It’s always tempting to skip straight to the painting stage after you’re drawn up a sketch, however experts say that it always pays off later on down the line to refine and re-refine your sketches before you let any paint touch the paper. You should begin by blocking with basic shapes in several stages and try to represent as much of the animal as possible with these shapes. Then, art experts recommend starting with a focal point, for example an eye, and measuring vital points from this with your pencil. Next, you should refine the sketch, ensuring that the shapes of limbs and facial features are accurate, along with checking vertical and horizontal alignments. This provides you with a good framework for painting or developing layers with confidence.

Stay Stocked Up

If you are observing and painting wildlife from real life, it’s important to ensure that you’re fully stocked up on all the art supplies that you will need and more. When you’re painting wildlife, time is definitely something which is not only your side and you can’t afford to have to run back home for supplies if you run out. Overstocking, rather than understocking, on the equipment that you take with you is definitely the best situation to be in.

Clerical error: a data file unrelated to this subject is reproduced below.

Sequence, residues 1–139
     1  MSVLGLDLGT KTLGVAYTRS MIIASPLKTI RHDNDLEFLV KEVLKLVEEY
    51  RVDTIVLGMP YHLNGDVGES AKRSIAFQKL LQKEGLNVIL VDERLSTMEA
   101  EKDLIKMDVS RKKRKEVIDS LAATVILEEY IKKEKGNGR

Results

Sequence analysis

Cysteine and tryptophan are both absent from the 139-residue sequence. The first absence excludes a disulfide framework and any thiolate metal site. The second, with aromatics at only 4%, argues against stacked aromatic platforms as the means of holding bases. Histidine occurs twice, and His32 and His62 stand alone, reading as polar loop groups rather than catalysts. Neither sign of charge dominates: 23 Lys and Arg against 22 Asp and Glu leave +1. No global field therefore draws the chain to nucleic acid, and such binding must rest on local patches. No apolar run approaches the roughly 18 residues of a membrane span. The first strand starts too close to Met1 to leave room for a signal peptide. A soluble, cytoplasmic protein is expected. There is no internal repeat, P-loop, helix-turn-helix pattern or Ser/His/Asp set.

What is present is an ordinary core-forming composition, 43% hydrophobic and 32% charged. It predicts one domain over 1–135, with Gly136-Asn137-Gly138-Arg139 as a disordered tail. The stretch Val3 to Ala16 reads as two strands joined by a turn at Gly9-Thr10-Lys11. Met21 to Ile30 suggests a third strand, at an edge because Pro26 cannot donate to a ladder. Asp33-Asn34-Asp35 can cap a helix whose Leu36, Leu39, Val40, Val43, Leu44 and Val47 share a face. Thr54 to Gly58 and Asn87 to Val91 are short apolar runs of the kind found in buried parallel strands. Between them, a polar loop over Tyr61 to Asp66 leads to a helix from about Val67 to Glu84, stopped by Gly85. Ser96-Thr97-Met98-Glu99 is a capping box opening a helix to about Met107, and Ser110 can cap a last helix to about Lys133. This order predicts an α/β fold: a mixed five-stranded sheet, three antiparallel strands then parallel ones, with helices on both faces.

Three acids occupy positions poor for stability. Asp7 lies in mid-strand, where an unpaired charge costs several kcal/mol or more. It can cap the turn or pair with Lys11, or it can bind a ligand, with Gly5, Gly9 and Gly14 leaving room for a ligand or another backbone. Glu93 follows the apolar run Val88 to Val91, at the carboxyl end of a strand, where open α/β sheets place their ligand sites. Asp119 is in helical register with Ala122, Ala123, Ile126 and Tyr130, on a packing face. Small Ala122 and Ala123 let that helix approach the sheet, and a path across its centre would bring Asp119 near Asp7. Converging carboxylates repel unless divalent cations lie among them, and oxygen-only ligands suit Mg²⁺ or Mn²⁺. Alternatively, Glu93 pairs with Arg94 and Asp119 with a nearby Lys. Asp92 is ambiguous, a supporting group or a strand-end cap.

Planning

Last but not least, careful planning is essential when you’re going to create a wildlife painting. Deciding which animals you are going to paint, where you are going to find references, and the materials which you are going to use is important. When you are constructing a scene, there are many different elements which should be considered, which is why experts recommend planning your scene on tracing paper first so that you can make any changes if necessary.

Wildlife is a great branch of art that every artist should try at least once!

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Dina Series Pouch Bags

Dina Series pouch bags. 10″ x 7.5″ – RM35 each. Illustrations by me, manufactured by creativeunited.my. Makes a perfect gift, if you ran out of ideas of what to give. So what do you keep in a pouch bag? Pencils, drawing tools (brushes, travel watercolour set), make-up, and oh, Raya money packets, of course!

Dina is a character from my Dina Series picture books.

To buy, just browse me at Creative United’s website: https://www.creativeunited.my/u/emilayusof